The Benefit of a Diversified Portfolio
Perhaps nothing better illustrates the importance of implementing and maintaining a diversified portfolio than seeing how allocations to multiple asset classes compare. The chart below ranks the best to worst performing asset classes selected — from top to bottom — for each calendar period shown based on total returns. Through graphical depictions of past performance fluctuations, this demonstrates the historical trend of alternating leadership in the financial markets, as well as highlights the potential dangers associated with attempts to chase last year’s or predict next year’s winners. In short, this chart helps support the case for an asset allocation plan that is customized to include a blend of asset classes.
Cash and Money Markets — Represents performance of cash and money markets in the United States as measured by the Citigroup 3-Month Treasury bill Index. Money market funds are not federally guaranteed. It is possible to lose money.
Taxable Bonds — Represents taxable investment-grade fixed-rate debt obligations (Treasuries, Agencies, Corporates, Mortgage-Backed Securities, Asset-Backed Securities and Commercial Mortgage-Backed Securities) as measured by the Lehman Aggregate Bond Index.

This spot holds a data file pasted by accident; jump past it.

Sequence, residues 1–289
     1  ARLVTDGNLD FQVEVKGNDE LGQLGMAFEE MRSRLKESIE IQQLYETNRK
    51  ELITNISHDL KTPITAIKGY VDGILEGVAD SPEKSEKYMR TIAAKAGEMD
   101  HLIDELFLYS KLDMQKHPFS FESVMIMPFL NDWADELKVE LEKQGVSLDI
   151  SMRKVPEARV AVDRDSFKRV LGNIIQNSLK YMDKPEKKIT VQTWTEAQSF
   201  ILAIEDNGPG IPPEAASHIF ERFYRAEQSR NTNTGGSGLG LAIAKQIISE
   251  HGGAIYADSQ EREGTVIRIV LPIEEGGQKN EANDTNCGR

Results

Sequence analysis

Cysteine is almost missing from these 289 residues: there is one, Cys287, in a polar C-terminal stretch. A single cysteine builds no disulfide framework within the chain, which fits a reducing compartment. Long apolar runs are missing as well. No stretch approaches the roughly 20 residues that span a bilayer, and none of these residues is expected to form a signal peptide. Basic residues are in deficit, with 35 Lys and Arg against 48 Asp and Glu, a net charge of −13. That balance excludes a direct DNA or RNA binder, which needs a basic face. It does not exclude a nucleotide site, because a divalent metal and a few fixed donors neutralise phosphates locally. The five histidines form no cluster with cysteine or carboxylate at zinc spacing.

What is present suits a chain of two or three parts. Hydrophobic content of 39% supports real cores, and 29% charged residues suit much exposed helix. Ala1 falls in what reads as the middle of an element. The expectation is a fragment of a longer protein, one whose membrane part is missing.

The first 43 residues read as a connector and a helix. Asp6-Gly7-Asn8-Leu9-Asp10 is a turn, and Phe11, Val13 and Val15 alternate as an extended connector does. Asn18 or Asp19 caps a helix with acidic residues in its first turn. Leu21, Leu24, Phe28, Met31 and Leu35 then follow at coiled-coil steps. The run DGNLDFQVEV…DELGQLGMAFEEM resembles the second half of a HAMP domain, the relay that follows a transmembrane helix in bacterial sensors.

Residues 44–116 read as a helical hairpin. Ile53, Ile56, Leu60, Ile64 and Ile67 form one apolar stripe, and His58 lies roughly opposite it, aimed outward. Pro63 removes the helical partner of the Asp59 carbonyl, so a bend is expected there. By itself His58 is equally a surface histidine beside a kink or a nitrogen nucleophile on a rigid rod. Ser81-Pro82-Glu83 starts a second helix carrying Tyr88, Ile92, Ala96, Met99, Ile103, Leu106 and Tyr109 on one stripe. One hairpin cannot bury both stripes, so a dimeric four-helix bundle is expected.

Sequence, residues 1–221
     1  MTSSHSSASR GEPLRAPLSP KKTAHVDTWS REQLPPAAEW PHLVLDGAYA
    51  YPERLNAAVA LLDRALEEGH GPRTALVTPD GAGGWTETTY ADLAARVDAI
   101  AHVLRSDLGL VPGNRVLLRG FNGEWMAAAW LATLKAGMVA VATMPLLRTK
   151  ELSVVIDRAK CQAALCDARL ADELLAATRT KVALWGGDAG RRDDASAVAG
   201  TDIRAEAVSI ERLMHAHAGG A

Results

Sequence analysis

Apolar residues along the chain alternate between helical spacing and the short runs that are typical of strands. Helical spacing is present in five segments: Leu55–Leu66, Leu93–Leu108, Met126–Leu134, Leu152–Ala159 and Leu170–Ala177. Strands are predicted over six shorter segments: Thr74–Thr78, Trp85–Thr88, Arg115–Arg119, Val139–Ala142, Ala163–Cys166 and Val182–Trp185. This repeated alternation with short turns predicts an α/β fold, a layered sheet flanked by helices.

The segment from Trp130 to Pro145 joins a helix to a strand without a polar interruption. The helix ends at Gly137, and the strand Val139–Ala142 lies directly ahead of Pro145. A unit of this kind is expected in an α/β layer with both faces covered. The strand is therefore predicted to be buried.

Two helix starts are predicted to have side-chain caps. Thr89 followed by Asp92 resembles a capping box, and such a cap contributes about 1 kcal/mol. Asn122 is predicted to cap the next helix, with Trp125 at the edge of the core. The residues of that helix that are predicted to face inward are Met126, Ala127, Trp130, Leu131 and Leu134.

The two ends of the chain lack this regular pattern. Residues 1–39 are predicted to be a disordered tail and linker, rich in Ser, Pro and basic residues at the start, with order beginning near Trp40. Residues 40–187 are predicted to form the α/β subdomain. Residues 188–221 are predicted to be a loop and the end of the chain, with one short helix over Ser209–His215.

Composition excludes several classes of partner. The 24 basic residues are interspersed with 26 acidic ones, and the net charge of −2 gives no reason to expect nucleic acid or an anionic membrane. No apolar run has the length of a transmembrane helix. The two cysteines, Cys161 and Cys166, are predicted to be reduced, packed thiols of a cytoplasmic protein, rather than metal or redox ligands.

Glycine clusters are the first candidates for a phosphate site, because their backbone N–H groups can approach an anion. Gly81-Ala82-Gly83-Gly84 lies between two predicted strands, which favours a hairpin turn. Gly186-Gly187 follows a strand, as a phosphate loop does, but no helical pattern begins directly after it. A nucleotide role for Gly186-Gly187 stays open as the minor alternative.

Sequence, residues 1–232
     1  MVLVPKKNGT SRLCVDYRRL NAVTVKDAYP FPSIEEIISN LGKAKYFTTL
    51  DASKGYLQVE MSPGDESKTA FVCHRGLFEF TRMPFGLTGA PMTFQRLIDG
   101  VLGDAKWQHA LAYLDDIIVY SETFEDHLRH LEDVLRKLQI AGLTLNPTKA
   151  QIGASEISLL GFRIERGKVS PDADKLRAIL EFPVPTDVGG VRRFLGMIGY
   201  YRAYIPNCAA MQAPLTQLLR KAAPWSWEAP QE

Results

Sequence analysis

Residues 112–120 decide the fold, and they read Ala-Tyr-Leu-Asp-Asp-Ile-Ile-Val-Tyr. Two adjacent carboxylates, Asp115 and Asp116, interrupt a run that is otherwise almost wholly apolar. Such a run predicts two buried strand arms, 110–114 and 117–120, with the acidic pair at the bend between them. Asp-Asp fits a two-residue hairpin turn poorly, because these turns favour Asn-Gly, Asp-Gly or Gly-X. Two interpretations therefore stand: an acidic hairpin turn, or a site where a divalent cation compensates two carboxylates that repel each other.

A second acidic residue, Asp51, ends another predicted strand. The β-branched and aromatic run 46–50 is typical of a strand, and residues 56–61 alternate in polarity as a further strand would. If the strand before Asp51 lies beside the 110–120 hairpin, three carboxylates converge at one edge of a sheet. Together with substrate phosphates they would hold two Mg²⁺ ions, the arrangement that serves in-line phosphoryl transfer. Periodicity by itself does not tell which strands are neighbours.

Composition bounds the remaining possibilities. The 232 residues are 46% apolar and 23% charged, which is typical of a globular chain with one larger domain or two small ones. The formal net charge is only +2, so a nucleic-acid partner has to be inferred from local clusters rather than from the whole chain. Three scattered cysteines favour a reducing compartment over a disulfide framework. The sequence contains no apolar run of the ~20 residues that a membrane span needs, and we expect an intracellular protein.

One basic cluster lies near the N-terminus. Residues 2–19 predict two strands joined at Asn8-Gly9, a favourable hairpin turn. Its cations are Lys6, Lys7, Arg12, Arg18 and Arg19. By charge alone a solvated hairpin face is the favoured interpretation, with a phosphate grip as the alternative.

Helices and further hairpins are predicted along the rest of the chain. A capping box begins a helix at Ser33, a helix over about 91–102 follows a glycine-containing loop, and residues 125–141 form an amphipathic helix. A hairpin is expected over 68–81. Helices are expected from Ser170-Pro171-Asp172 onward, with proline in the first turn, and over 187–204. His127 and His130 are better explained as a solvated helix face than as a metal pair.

High Yield Bonds — Represents tradable below-investment-grade fixed-rate debt obligations, including cash-pay, deferred-interest, step-up, payment-in-kind and defaulted bonds, with remaining maturities of at least 1 years measured by the CSB High Yield Bond Index.
International Bonds — Represents tradable investment-grade fixed-rate debt obligations of sovereign governments from 20 developed countries, excluding the United States, as measured by the Citigroup Non-US Dollar World Government Board Index.
Large Cap Growth Stocks — Represents stock market performance of those companies in the Russell 1000 Index with an above-average growth orientation based on price-to-book ratios and long-term earnings growth forecasts as measured by Russell 1000 Growth index.
Large Cap Value Stocks — Represents stock market performance of those companies in the Russell 1000 Index with a below-average growth orientation based on price-to-book ratios and long-term earnings growth forecasts as measured by the Russell 1000 Value Index.
Mid Cap Stocks — Represents stock market performance of the 800 smallest companies in the Russell 1000 Index based on total market capitalization as measured by the Russell Midcap Index.
International Stocks — Represents stock market performance in 21 developed countries around the world, excluding Canada and the United States, as measured by the MSCI EAFE (Europe, Australasia and Far East) Index.
Emerging Markets — Represents stock market performance of companies in 26 emerging countries. Securities closed markets and those shares in otherwise free markets that are not purchasable by foreigners are excluded.
Custom Asset Class Blend — Allocations are rebalanced to their respective target weightings at the beginning of each quarter.
5% Cash and Money Markets
22% Taxable Bonds
5% High Yield Bonds
13% International Bonds
11% Large Cap Growth Stocks
12% Large Cap Value Stocks
7% Mid Cap Stocks
20% International Stocks
5% Emerging Markets